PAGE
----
La Peste is more than Boston's finest unrecognized force in first wave (circa 1978) punk to me. They have become a gathering point through which I have met people, and even provided employment for me for twelve years when I worked in (bassist) Mark Andreasson's Environmental Graphics company.
Before I moved to Boston in 1984 I had only heard about La Peste guitarist/vocalist Peter Dayton. La Peste had already broken up at that point, a passing I didn't care about as I didn't even know about them. What I knew was that Peter Dayton had a 12inch EP called 'Love At 1st Sight' with a killer track called 'Skin Tight' on it, and that his bassist was Peter Collins, from the NYC band The Invaders. The Invaders had put out a 7inch 'With The TV On' that I liked a lot.
It was only after I moved to Boston that I learned about La Peste. My friend Craig, who I grew up and played in numerous bands with, was playing with Mark Andreasson, Roger Tripp (La Peste drummer), and Richie Parson (from the other killer Boston band Unnatural Axe) in a little known band called Stickball. I was amazed that this town had such a great club scene, with Chet's Last Call my fave of the lot, especially as I lived in the nearby North End. There was also Storyville, The Rat, The Channel, Jumping Jack Flash, and Jack's, to name a few. Not one of these clubs are around anymore. I had already missed the marvel that was Cantone's, and oodles of other small clubs that La Peste played all the time at, such as The Birdcage and The Space. The Birdcage was a small strip-bar in the combat zone and they allowed some punk bands to play there for a short while in 1978. The Space was located around the corner from Cantones in the financial district. The Space was a disco. In late 1978 through the fall of 1979 they let bands play there. Later they went back to just disco music with no bands.
Aside from a couple of songs on a Modern Methods compilation (Modern Methods was the label formed by Newbury Comic's Mike Dreese) La Pest had only released one 7inch in their whole career. That self-released 1978 single 'Better Off Dead' b-w 'Black' is the kind of stuff that provides stand out tracks for comps like the Killed By Death series. Better Off Dead is an amazing song.
La Peste was a trio made up of Peter Dayton, Mark Karl (Mark Andreasson), and Roger Tripp. They were listening to what was going on around them, and absorbed The Ramones, The Clash, The Buzzcocks, The Jam, and many other bands I can only imagine. They even covered The Sensational Alex Harvey Band song 'Action Strasse.' What they had was personality, great looks and image, a frontman with true charisma, and great songs.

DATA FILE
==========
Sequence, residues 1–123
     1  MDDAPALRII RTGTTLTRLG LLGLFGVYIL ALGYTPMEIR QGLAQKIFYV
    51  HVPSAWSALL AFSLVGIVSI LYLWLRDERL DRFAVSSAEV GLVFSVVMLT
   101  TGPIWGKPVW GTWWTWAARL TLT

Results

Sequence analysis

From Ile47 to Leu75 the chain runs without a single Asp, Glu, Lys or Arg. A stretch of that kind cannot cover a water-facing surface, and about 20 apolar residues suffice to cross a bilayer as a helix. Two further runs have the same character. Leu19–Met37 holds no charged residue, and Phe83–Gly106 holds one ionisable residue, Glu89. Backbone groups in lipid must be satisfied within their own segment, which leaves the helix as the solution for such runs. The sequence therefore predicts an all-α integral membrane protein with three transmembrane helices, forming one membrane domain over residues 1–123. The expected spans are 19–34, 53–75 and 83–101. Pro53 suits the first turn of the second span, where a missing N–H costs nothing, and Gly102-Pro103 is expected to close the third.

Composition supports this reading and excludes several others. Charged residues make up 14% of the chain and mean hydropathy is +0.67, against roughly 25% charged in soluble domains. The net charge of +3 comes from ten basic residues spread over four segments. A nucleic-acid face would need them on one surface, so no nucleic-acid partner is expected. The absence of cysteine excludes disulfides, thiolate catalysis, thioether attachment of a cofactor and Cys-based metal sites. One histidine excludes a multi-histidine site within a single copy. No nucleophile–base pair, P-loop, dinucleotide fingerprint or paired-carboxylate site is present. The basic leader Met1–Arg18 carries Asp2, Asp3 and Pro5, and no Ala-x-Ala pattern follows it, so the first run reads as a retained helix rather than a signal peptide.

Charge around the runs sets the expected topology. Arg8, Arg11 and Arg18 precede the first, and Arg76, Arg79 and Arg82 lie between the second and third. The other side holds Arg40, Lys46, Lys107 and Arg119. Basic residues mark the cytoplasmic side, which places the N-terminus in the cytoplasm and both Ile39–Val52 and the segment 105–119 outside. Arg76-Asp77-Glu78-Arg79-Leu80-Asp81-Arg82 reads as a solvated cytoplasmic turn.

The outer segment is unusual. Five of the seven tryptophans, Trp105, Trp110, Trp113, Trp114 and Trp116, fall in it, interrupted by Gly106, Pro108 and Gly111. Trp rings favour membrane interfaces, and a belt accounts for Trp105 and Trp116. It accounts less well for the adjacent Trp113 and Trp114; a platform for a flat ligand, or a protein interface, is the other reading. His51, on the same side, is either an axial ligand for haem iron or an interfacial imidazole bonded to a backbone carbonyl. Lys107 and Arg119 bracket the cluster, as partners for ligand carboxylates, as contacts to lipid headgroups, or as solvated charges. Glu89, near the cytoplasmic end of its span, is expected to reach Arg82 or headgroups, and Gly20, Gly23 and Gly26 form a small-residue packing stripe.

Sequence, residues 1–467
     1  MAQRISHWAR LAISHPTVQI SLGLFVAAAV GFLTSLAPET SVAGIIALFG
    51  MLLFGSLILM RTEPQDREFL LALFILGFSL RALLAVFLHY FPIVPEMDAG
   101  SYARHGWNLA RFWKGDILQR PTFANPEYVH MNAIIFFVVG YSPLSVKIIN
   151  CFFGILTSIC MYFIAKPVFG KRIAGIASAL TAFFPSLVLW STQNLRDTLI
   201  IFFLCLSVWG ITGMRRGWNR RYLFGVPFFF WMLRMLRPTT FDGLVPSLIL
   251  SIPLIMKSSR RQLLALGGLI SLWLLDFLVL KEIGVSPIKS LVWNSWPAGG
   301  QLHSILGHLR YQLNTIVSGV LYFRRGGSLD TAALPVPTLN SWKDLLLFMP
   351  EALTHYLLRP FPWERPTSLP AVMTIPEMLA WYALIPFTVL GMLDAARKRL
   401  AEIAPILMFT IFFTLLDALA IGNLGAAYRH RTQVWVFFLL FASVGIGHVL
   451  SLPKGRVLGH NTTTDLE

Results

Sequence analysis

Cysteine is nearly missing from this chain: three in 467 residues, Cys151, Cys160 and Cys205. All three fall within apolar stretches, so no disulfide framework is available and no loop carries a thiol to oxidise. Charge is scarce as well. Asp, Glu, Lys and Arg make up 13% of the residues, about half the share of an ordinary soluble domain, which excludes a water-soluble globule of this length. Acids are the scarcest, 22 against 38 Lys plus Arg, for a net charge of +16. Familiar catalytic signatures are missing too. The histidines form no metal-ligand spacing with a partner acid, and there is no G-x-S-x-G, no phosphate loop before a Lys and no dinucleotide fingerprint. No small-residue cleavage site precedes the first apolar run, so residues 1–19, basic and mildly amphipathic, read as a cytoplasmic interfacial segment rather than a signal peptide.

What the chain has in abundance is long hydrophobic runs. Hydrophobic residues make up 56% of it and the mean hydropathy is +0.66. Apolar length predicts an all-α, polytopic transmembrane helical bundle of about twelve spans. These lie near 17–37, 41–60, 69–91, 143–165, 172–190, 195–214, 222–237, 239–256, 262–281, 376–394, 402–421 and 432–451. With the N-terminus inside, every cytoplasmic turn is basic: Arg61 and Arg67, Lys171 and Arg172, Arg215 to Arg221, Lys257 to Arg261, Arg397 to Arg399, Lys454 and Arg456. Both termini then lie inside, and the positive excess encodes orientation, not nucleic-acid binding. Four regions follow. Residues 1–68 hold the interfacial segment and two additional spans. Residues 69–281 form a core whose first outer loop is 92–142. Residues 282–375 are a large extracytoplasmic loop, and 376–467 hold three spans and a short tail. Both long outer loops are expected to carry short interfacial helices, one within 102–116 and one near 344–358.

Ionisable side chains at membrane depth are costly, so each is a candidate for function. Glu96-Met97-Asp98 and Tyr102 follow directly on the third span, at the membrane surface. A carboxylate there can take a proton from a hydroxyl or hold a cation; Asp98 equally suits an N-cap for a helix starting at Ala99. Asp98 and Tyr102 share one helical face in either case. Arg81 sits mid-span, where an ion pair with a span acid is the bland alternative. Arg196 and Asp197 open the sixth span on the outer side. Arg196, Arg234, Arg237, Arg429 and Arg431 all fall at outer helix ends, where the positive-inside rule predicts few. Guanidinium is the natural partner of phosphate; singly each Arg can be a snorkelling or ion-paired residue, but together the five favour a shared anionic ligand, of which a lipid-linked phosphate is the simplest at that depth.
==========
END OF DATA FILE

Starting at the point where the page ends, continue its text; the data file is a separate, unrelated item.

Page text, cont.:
What I am reviewing here is the first volume of three CDRs which recently came into my hands. This CD has 23 songs. There is no info about where the tracks were recorded, but you can hear that the disc comprises a few different sessions, one session after another. Some of the sessions may from live radio sessions, some may be studio demos. None of the tracks are throwaway in terms of content or quality.
The CD starts off with Betty's So Dumb. I remember Mark Andreasson giving me a CD of La Peste stuff that had this song and another (Johnny Is A Rocket) that he made me promise never to play on the air. Of course, THAT just made me more fascinated with the tracks. Betty's so Dumb is a great cut - one of my fave La Peste songs. Yeah, it is simple and not too bright, but simplicity is the weapon that the best songs wield with power (look at Abba).
On this CD I also love the versions of Kindness Invites Abuse, Spymaster, Don't Know Right From Wrong, Acid Test, Figure It Out, and Kill Me Now.
Nothing on this CD is on the La Peste record that Matador released in 1996. That record only had 5 studio tracks on it. This CD proves the legacy that may not have been apparent to anyone whose knowledge of the band is based solely on hearing the Matador La Peste CD. I hope that some label puts out all this great music someday soon.